Here are my tips and tricks for traveling with a hearing loss and hearing aids. Updated for 2012 from my popular post several years ago.
Traveling is as an opportunity worth taking advantage of. Nothing challenges the brain more than completely immersing oneself in a foreign language and culture.
In 2001, I suddenly experienced the urge to break out of my comfort zone and head to a place I’d never been. I picked Peru.
Part of the experience meant coming to grips with my own hearing impairment and doing so on my own, without assistance. I took on the Spanish language and worked through countless moments where I didn’t hear what a person is might normally hear: an announcement for a flight, a question about my background at the bank, a demand for money by a policeman. The world isn’t interested in always being understanding of peoples differences, especially not while demanding a bribe or your wallet. I came out the other end of that experience a little wiser. Here are some tips and tricks for deaf folks that want to travel:
1. Travel Announcements and Assistance from Airlines
I’m often nervous that I won’t make my flight, bus, or train because I won’t hear the announcement for departure. It doesn’t help that the announcements are usually broadcast on low quality PA systems.
I usually set a vibrating alert on my phone for the departure time. You could also use a watch with a vibrating alarm, but I have mixed feelings about how well those work.
Modern airports have TV screens that announce the flight at your gate. You can also ask for assistance when you check in at the airport. Someone might escort you to the gate and make sure you hear the announcement. However, don’t count on assistance from an industry that never makes a profit and is constantly downsizing.
I often find it more productive to approach random citizens and ask if I might get a tap on my shoulder when the transporting vehicle is leaving. Most people want to help. I’ve grown less and less nervous about missing a flight or bus over the years. It hasn’t happened once. Be willing to approach people you don’t know- there are a lot interesting people in the world to meet. I once met a ex Nazi piano player on a train from Zurich to Bern when I asked for assistance (I’m of half Jewish stock).
2. Learning a Language
No reason why you can’t do this. I recommend immersing yourself completely and ditching your native language. This language hacking guide dishes out some great advice. The best way to get started is to hire a tutor for one on one conversation and practice. I went to an incredibly cheap school in Quetzatanango, Guatemala and spoke with a native speaker for 5 hours every day. I was exhausted at the end of the experience but I came out speaking Spanish.
I’m a very visual learner (like most of those with long term hearing loss) and used several vocabulary and grammar books to assist me on the way. However, speaking ever day with a native speaker was the best way to get started. I also recommend walking up to little kids. Kids love to correct people and have the time and patience to speak with you.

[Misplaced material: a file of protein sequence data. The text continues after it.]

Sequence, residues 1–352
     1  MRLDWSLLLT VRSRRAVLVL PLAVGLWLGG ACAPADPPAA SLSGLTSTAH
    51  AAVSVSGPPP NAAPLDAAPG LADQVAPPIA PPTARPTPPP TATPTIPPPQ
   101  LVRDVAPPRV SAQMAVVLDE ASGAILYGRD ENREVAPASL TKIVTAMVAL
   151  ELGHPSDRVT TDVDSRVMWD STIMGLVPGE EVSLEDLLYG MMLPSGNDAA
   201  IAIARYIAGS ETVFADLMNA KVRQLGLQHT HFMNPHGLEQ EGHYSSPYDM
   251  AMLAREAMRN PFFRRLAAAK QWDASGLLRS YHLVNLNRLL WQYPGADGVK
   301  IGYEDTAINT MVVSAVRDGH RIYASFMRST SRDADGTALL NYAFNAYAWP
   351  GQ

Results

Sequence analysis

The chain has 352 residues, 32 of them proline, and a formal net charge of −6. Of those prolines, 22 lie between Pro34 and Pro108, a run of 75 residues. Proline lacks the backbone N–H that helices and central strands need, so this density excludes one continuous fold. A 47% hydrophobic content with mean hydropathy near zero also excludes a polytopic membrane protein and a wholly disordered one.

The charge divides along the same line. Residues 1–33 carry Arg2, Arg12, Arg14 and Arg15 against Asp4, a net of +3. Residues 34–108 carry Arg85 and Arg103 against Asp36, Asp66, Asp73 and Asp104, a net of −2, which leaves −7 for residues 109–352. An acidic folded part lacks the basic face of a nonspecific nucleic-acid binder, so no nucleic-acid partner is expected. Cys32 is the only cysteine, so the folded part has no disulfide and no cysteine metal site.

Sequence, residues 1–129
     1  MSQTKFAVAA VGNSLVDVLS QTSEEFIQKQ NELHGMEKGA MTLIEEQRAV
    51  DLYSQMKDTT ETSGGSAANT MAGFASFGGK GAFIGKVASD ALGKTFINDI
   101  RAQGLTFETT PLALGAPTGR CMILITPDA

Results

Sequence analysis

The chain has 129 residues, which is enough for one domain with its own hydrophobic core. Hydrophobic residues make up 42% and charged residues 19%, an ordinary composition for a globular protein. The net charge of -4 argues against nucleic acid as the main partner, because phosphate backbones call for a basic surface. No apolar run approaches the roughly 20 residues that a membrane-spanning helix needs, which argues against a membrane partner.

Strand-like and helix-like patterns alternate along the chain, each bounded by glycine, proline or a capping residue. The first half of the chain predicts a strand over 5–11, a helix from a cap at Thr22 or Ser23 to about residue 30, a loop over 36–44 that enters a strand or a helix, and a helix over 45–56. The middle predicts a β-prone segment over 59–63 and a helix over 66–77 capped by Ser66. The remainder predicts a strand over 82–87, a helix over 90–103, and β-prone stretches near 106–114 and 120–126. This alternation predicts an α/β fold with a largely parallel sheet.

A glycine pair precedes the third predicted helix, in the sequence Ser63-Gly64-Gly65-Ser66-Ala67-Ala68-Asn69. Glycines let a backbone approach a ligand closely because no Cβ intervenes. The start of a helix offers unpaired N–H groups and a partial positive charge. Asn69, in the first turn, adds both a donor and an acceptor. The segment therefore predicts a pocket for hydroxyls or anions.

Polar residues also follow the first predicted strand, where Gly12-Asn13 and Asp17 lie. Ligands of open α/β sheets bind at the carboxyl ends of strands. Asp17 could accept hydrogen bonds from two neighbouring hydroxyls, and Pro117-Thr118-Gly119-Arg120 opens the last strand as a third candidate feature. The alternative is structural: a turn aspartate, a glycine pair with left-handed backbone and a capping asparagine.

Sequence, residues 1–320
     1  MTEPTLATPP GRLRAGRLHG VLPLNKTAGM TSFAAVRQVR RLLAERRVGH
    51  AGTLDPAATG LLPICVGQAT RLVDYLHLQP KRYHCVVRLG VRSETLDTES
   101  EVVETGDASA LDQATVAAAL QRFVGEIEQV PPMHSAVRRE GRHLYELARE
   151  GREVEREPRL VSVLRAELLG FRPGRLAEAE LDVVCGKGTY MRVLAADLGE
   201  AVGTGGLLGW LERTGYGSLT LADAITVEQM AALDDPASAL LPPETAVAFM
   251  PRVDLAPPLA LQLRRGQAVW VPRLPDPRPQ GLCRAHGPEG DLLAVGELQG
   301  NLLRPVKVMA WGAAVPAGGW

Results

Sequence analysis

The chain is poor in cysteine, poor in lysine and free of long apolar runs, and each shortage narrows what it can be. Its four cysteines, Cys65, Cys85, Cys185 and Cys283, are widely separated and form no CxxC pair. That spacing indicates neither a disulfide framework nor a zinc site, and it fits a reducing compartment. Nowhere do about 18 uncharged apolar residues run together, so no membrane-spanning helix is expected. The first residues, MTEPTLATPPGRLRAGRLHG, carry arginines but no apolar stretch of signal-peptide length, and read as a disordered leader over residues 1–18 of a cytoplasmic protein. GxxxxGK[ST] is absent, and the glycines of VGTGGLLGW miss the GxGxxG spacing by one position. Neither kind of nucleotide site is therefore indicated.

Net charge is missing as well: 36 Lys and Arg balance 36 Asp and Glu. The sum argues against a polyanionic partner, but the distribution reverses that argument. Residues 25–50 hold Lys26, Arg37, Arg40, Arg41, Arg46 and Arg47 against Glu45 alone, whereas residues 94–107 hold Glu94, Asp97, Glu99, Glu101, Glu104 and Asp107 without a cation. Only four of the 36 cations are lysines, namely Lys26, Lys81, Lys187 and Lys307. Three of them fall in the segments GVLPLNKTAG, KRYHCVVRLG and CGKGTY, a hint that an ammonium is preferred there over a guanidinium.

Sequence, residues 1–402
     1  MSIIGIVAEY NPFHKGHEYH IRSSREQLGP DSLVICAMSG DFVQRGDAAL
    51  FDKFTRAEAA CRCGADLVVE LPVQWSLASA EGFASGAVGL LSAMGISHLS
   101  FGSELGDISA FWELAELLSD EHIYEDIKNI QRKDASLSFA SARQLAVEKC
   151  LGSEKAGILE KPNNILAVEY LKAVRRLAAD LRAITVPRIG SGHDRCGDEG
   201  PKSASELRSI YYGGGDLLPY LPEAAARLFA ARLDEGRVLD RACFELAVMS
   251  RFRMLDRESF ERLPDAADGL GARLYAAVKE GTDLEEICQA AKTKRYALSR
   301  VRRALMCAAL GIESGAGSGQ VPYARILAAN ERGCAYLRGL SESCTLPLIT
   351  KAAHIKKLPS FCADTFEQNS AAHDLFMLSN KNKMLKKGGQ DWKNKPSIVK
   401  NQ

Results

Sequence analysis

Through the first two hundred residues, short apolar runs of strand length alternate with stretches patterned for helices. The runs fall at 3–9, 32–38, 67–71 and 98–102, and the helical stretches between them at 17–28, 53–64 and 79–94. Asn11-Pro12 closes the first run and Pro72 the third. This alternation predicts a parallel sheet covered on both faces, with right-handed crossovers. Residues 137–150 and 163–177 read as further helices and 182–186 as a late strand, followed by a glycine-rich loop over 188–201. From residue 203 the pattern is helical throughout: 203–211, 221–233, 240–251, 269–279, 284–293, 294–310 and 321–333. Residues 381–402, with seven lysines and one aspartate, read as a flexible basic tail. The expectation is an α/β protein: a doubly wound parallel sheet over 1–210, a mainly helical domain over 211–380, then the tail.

Lip reading in a foreign language is tough to learn. I still can’t lip rid in Spanish anywhere near like I do in English. It takes a lot of time and there are no shortcuts. You just have to be around people.
Learn how to say, “I didn’t you what you just said, could you repeat that? I wear hearing aids”. Practice saying it without a hint of defensiveness or insecurity. Say it matter of fact like you would say, “The weather is nice today”.
3. Protecting your Hearing Aids
Many countries outside the U.S. are hot and humid. The electronics in your hearing aids hate moisture and despite the modern aqua-phobic coatings on hearing aids, you will need to get a small drying kit. This is especially true with CIC and RIC hearing aids.
And I recommend bringing a inexpensive backup hearing aid that can be powered by the sun and rechargeable batteries (because you can’t assume you’ll be around an electrical outlet or have easy access to hearing aid batteries). Speaking of batteries: bring your own for your main set of hearing aids.
Have one or two places tops that you place your hearing aid when you aren’t wearing them. I have two places: a waterproof case and my shirt pocket. A protective case is a must because you want to make sure they don’t get banged up in your bag (or wet).
Also important: extra hearing aid batteries, cleaning brush, extra domes if you need them, and extra wax guards if you use an RIC type hearing aid.
4. Assistive Technology
I like to be able to text or IM people in foreign nations. Cell phones are ubiquitous now, even in broken down industrial cities and poor rural towns. I’ve seen little Guatemalan ladies on the bus in the middle of nowhere attending to their cell phone. Women all over India run their businesses through a phone.
It is best to get a cheap cell phone that you can use replaceable SIM cards with. You’ll also need the appropriate plug adapterfor the country you are visiting. Look for a phone with a good keyboard. If you are texting someone in a foreign language and the alphabet characters are different than here, use a translator.
5. Cultivate Patience
Speak Up Librarian distills some great advice about traveling with CI’s and hearing aids.
Gimp on the Go as some great advice for hard of hearing folks who travel.
Advice from the American Academy of Otolaryngology